If we go off of the injury reports reported at the end of the team's playoff run, the following players had injuries: Karlsson (ankle, hairline fracture), Borowiecki (high ankle sprain), Burrows (high ankle sprain), Ceci (finger), Smith (abdominal), Stalberg (abdominal), Neil (hand), Phaneuf (wrist), Anderson (back), Claesson (back), Pyatt (ankle), Brassard (shoulder), Methot (finger), Stone (leg), Dzingel (wrist).
Only Karlsson and Brassard required surgery, leaving most of us to think that all of the returning players will be fully healthy. Much of the talk surrounding the duo is that Karlsson hopes to be ready for the start of the season, but will likely miss the pre-season; meanwhile, Brassard is likely to be out a little longer, leaving room for Logan Brown, Filip Chlapik, or Colin White to make an impression with the big club.
Regardless, high ankle sprains (Borowiecki, Burrows, maybe Pyatt) can take quite a while to recover from, and may dampen offseason training plans, such as when a player can get back on the ice. In addition, back injuries (Anderson, Claesson) and head injuries (MacArthur) can always come-and-go, meaning that they're riskier as well. Of these players, I'd be most worried about Anderson as the team likely doesn't want to rely on Mike Condon as much as they needed to this past season.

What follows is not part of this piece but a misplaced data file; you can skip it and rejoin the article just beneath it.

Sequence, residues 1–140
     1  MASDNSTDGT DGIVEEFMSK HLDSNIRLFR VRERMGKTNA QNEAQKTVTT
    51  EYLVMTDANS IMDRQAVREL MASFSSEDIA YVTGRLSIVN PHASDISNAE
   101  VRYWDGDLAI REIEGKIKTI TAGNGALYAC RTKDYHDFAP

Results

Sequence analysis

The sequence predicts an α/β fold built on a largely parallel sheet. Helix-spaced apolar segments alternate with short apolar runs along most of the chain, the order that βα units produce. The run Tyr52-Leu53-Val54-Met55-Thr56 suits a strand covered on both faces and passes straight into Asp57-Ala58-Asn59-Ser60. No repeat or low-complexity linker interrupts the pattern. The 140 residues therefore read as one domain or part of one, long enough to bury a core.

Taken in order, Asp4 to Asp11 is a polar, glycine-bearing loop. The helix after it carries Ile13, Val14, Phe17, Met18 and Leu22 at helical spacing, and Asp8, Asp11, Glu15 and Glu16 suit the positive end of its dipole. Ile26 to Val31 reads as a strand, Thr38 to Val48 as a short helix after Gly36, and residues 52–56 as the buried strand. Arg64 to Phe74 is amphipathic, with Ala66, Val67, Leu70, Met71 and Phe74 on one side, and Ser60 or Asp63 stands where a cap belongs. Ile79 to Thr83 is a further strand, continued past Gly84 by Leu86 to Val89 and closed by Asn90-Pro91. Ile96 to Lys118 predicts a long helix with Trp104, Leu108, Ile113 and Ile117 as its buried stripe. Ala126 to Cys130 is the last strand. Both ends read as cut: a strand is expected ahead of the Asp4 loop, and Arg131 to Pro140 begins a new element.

The relationship between injuries and points have been explored, and greater than 0.10M a game. Basically, the teams whose injured players have high cap hits (usually meaning a good player) don't get as many standings points as those in the opposite scenario. The lesson: avoiding injuries is important, and sometimes due to luck. However, I'm of the opinion that more teams should invest into 'sports science' groups or have larger training and medical staffs in order to try and prevent as many injuries as possible, similar to baseball (pitchers!) and basketball—AM